Is there an equivalent phrase in Spanish for "the straw that broke the camel's back"?

The phrase usually refers to to the final thing that is added to a bunch of things to cause a large reaction and can be applied to nonphysical things like stress.

1 Answer 1


The most similar I can think of in Spanish would be

La gota que colma el vaso

The verb colmar (overfill) means

Llenar una medida, un cajón, un cesto, etc., de modo que lo que se echa en ellos exceda su capacidad y levante más que los bordes.

So the overall expression means "it was just a tiny drop of water, but the glass was already completely full to the brim and overflowed". This is something you'll use to convey "OK, I have been really patient, and this is the last thing I'm going to put up with!"

  • 4
    Just a clarification: overflew would mean that the glass flew over something; you probably wanted to use overflowed.
    – 0xdd
    Oct 25, 2018 at 19:05
  • 2
    In some Latin American countries we do use "colmar" but we also use "rebalsar" or "rebasar" (according to this page: udep.edu.pe/castellanoactual/… also "rebosar" is used) to indicate that not only has the glass be filled to the brim (which idea is conveyed by "colmar") but there is some overflowing because glass capacity has been exceeded. And we use the past tense: Es la gota que rebalsó el vaso.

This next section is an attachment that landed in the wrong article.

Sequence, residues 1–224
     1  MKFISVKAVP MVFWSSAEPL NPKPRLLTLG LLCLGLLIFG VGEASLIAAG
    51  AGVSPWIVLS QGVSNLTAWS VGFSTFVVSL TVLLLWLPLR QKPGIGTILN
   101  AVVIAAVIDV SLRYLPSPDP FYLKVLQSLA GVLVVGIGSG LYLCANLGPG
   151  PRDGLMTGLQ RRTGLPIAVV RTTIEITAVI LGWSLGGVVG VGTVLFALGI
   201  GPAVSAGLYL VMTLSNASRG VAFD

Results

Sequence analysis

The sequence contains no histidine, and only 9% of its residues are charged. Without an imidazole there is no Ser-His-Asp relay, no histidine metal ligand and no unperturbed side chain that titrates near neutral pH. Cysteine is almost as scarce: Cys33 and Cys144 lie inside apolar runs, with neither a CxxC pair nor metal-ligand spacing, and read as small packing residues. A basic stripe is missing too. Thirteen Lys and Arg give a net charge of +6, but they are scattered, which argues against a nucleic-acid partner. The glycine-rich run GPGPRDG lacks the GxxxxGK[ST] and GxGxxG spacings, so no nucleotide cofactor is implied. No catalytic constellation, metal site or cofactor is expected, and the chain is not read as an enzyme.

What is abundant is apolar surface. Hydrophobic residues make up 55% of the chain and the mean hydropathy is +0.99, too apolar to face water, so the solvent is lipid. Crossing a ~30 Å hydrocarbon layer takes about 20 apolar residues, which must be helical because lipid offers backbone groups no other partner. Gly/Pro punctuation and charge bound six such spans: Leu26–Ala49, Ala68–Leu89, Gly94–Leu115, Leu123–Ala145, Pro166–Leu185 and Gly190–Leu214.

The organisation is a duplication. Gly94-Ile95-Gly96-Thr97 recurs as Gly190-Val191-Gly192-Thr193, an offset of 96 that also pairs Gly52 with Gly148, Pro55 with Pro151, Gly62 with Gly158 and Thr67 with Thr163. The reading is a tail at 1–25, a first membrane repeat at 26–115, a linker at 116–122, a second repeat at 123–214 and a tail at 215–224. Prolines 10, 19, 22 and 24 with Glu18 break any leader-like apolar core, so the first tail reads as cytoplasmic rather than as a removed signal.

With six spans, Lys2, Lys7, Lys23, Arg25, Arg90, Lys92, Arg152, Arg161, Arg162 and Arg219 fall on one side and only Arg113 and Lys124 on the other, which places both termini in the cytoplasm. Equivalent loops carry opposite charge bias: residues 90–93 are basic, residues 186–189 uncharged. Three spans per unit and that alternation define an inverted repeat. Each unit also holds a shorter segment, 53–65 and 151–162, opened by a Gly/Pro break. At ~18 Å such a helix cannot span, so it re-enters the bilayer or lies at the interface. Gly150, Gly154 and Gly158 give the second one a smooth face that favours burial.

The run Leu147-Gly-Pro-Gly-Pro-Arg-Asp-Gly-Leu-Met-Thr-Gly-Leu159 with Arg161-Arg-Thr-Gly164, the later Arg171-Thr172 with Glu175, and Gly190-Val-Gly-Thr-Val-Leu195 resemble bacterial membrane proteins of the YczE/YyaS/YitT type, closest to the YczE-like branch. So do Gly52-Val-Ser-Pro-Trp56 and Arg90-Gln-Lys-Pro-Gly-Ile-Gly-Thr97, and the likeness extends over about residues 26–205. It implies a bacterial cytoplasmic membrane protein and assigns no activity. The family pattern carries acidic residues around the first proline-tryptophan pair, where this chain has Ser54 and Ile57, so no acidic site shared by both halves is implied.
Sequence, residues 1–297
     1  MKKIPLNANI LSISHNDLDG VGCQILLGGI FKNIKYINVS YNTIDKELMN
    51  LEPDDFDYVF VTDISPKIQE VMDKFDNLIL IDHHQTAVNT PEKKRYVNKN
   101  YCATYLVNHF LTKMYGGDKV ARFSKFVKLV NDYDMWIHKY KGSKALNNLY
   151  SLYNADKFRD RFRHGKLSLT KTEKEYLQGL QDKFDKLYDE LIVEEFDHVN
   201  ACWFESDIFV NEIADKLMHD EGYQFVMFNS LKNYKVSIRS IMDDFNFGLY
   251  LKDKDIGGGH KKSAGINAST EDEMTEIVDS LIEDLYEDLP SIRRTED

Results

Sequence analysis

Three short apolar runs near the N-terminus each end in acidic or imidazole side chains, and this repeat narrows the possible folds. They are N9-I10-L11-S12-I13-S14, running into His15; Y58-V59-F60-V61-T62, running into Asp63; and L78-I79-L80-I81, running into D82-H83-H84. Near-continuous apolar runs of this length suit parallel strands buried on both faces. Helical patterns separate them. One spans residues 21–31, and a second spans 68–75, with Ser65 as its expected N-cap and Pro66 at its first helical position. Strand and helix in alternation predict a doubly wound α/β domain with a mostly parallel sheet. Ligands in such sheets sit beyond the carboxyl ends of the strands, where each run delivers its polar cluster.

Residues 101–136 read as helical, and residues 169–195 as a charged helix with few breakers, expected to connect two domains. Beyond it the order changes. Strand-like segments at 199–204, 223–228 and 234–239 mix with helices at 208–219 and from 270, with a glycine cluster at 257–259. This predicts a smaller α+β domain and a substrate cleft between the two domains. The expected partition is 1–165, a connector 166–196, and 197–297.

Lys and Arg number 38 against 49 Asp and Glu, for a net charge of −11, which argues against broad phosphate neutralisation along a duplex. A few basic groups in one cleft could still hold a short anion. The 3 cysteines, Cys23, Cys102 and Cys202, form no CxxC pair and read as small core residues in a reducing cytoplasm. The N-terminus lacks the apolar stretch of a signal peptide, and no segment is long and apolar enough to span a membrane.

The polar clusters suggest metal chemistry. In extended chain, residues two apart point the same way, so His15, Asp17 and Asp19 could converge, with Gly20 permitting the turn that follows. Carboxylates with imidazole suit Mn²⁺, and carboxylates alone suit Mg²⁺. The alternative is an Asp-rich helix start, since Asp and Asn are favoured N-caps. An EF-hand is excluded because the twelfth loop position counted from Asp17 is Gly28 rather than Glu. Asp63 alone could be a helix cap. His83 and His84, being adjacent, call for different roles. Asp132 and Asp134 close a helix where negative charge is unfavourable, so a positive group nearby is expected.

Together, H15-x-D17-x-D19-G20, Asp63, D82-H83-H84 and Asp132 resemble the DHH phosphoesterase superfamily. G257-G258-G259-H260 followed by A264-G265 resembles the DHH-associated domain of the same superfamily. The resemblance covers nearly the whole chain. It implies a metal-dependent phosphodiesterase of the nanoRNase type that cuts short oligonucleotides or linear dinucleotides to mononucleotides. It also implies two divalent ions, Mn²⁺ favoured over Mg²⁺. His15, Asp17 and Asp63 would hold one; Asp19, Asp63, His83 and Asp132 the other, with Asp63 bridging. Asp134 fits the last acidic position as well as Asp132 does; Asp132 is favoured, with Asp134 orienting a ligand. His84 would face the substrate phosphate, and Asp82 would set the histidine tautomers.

– Gustavson
    Oct 26, 2018 at 10:57
  • You laid the groundwork but didn't arrive at the conclusion with colmar -- don't you want to add "Eso fue el colmo"? Oct 28, 2018 at 3:40
  • @aparente001I don't think that is the necessary conclusion of the question. The question is the equivalent in Spanish of the given phrase. There is actually a preexisting question about translating "colmo" into English (which I guess made the question off-topic, since it was asking for a translation into English rather than a explanation of the meaning) How can I say “colmo” properly in English?. "Ser el colmo" could be another possibility, but I believe my suggestion to be the closest one.
    – Diego
    Oct 29, 2018 at 13:15
  • Also, from drae ser algo el colmo: "Haber llegado a tal punto que razonablemente no se puede superar." So, I believe this expression can convey "to be the last straw" but can convey more, also in a positive manner. "Esto es el colmo de la perfección" -> This is the ultimate perfection. (or _the height of_perfection). "El colmo de todo esto es que..." -> "The hell of it is...", which is not really what "last straw" conveys.
    – Diego
    Oct 29, 2018 at 13:23

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